In this paper, we attempt to replicate and expand a set of studies conducted by Tormo-Carbó, Seguí-Mas, and Oltra and published in Journal of Business Ethics and Procedia (with Klimkiewicz) in 2016 by conducting an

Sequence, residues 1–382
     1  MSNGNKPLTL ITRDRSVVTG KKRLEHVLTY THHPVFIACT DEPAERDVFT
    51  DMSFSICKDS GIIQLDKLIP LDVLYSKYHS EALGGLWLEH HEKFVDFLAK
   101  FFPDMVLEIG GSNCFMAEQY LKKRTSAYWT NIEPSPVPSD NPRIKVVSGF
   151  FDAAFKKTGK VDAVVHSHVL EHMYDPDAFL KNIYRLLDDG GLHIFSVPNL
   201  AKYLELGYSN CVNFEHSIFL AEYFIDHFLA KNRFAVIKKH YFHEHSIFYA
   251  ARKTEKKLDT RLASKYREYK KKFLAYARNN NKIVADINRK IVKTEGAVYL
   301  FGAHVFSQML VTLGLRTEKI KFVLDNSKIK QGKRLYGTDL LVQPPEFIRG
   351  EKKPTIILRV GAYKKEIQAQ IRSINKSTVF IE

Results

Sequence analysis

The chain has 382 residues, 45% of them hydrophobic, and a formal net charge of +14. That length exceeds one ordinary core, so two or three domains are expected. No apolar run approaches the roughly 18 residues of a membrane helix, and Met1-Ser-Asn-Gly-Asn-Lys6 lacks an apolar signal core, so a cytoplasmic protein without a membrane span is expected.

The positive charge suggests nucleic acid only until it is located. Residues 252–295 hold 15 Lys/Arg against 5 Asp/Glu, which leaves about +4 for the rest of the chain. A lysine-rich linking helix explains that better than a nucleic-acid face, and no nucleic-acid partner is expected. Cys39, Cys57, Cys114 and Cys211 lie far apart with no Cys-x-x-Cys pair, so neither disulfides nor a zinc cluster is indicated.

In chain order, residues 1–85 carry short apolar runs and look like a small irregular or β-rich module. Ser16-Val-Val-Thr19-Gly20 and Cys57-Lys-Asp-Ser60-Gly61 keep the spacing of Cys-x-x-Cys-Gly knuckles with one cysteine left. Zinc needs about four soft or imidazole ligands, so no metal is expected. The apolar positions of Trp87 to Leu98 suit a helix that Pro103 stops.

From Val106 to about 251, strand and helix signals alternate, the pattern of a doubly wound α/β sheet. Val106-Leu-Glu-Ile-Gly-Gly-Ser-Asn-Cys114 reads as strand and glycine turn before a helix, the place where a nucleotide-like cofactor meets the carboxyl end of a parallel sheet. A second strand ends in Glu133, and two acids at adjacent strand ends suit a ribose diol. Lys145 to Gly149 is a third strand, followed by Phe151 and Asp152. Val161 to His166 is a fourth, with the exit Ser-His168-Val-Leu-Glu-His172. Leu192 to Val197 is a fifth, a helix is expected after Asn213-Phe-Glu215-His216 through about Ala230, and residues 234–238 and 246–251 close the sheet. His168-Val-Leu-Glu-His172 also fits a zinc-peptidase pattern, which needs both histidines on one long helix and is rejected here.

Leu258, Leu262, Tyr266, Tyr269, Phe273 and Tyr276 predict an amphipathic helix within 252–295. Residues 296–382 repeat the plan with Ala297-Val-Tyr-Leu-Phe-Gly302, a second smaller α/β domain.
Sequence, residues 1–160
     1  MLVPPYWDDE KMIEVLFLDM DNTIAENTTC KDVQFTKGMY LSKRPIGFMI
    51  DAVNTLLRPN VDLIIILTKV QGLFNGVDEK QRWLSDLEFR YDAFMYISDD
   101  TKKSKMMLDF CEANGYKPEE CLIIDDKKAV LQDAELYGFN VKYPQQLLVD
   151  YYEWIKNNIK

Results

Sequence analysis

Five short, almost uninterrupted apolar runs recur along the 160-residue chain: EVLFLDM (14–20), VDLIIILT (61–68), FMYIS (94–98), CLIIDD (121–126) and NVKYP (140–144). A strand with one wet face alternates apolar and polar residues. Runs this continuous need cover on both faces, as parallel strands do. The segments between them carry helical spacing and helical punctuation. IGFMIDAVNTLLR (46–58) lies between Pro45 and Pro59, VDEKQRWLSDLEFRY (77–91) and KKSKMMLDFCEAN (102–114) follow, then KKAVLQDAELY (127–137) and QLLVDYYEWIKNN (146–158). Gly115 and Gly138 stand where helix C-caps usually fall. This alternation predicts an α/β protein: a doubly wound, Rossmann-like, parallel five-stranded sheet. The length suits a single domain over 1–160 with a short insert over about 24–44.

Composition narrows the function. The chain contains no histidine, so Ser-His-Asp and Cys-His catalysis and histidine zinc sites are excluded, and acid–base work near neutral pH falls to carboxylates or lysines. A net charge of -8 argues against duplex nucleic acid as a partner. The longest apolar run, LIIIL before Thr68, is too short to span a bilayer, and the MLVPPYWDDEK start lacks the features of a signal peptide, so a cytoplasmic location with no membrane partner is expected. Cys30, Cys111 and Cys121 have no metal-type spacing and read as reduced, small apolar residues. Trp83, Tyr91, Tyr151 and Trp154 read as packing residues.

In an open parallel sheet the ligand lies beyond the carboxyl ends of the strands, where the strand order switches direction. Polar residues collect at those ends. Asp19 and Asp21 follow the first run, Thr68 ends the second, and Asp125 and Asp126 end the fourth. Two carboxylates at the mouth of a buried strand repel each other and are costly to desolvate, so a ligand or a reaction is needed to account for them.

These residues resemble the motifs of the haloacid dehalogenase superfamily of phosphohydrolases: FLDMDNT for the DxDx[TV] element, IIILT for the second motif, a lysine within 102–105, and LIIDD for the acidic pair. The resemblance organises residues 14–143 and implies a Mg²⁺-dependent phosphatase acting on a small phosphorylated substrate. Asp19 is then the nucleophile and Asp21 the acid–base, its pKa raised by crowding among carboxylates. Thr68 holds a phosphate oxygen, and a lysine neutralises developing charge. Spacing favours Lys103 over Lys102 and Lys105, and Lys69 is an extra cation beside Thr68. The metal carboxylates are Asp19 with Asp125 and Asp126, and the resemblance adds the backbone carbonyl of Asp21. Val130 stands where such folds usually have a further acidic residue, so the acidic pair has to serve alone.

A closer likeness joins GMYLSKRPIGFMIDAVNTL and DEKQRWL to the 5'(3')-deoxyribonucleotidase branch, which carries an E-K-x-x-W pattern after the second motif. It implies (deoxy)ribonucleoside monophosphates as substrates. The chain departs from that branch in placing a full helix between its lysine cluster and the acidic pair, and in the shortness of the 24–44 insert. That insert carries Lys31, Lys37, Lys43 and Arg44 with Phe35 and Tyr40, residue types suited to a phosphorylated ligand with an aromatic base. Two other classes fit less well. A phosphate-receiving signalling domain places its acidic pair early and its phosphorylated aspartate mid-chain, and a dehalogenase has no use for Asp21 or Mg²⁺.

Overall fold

experiment focused on directly addressing similar but refined research questions and contradictory results from their set of studies using improved methodology and question construction. Tormo Carbó and co-authors engaged business school students in a survey of their orientation towards ethics learning and discussion and generally found that those who had taken a business ethics class were more likely to express interest in and an appreciation for ethics training, this result was not robust in across locations more time when further studies were conducted using similar methodology in new settings and with different students. Using a student sample of 653 respondents enrolled in two introductory business and economics courses, we explore the influence that short ethics learning exercises have on students' interest in and appreciation for ethics training. We find that students' interest in ethics training does not increase after exposure to short training opportunities. We further find these students do not indicate an increased willingness to engage in that training or express an increase in the belief that ethics training should be required in degree programs.